nerc.ac.uk

Incorporation of metals into calcite in a deep anoxic granite aquifer

Drake, Henrik; Mathurin, Frédéric A.; Zack, Thomas; Schäfer, Thorsten; Roberts, Nick M.W.; Whitehouse, Martin; Karlsson, Andreas; Broman, Curt; Åström, Mats E.. 2018 Incorporation of metals into calcite in a deep anoxic granite aquifer. Environmental Science & Technology, 52 (2). 493-502. https://doi.org/10.1021/acs.est.7b05258

Before downloading, please read NORA policies.
[img] Text
drake%20et%20al%20est%202017%20author%20copy.pdf - Accepted Version
Restricted to NERC registered users only until 18 December 2018.

Download (2MB) | Request a copy

Abstract/Summary

Understanding metal scavenging by calcite in deep aquifers in granite is of importance for deciphering and modeling hydrochemical fluctuations and water–rock interaction in the upper crust and for retention mechanisms associated with underground repositories for toxic wastes. Metal scavenging into calcite has generally been established in the laboratory or in natural environments that cannot be unreservedly applied to conditions in deep crystalline rocks, an environment of broad interest for nuclear waste repositories. Here, we report a microanalytical study of calcite precipitated over a period of 17 years from anoxic, low-temperature (14 °C), neutral (pH: 7.4–7.7), and brackish (Cl: 1700–7100 mg/L) groundwater flowing in fractures at >400 m depth in granite rock. This enabled assessment of the trace metal uptake by calcite under these deep-seated conditions. Aquatic speciation modeling was carried out to assess influence of metal complexation on the partitioning into calcite. The resulting environment-specific partition coefficients were for several divalent ions in line with values obtained in controlled laboratory experiments, whereas for several other ions they differed substantially. High absolute uptake of rare earth elements and U(IV) suggests that coprecipitation into calcite can be an important sink for these metals and analogousactinides in the vicinity of geological repositories.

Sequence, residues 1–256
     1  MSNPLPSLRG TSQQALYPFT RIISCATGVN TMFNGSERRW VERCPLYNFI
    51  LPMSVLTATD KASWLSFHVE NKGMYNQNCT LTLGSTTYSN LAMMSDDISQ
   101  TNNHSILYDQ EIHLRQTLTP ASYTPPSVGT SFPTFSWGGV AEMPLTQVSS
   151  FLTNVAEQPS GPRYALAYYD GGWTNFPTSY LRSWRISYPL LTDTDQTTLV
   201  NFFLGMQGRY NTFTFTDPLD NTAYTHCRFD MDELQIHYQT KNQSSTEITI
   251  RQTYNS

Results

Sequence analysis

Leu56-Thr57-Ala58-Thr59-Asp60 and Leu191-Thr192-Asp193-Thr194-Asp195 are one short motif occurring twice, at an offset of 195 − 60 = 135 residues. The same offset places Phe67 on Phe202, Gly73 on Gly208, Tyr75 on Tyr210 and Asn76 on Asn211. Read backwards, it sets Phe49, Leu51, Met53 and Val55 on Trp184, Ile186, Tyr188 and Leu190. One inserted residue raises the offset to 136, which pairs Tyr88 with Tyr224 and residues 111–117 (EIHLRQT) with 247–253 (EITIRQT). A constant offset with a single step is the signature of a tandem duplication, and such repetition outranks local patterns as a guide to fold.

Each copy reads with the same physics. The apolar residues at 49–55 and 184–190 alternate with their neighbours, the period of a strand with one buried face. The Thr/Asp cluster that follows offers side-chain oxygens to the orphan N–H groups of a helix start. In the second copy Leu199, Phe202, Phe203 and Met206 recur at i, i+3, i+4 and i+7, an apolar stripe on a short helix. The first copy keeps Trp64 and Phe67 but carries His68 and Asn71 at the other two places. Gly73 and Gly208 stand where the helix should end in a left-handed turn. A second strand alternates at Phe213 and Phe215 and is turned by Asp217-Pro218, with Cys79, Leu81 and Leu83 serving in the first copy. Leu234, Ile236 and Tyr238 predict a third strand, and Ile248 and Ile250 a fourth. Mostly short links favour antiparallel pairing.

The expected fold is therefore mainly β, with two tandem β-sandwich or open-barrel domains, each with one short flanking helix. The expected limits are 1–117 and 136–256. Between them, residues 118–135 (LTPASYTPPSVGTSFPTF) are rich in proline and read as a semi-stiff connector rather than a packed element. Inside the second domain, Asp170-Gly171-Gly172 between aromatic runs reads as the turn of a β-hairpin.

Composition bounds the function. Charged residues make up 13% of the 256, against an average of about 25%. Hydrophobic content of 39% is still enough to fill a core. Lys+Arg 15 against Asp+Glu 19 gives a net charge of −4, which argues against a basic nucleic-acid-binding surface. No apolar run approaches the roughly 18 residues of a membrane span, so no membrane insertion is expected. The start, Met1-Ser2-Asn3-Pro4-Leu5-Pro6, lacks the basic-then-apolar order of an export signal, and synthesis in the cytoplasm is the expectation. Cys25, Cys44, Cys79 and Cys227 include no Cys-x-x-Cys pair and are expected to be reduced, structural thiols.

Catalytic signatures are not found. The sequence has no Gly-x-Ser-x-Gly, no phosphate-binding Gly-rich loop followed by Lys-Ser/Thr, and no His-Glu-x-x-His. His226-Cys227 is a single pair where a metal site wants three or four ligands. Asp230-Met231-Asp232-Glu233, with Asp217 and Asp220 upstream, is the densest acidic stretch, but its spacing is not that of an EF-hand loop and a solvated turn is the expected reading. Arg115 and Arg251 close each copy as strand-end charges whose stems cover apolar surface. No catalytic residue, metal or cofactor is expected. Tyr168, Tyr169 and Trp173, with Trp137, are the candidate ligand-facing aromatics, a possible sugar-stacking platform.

Item Type: Publication - Article
Digital Object Identifier (DOI): https://doi.org/10.1021/acs.est.7b05258
ISSN: 0013-936X
NORA Subject Terms: Earth Sciences
Date made live: 28 Feb 2018 11:47 +0 (UTC)
URI: http://nora.nerc.ac.uk/id/eprint/519384

Actions (login required)

View Item View Item

Document Downloads

Downloads for past 30 days

Downloads per month over past year

More statistics for this item...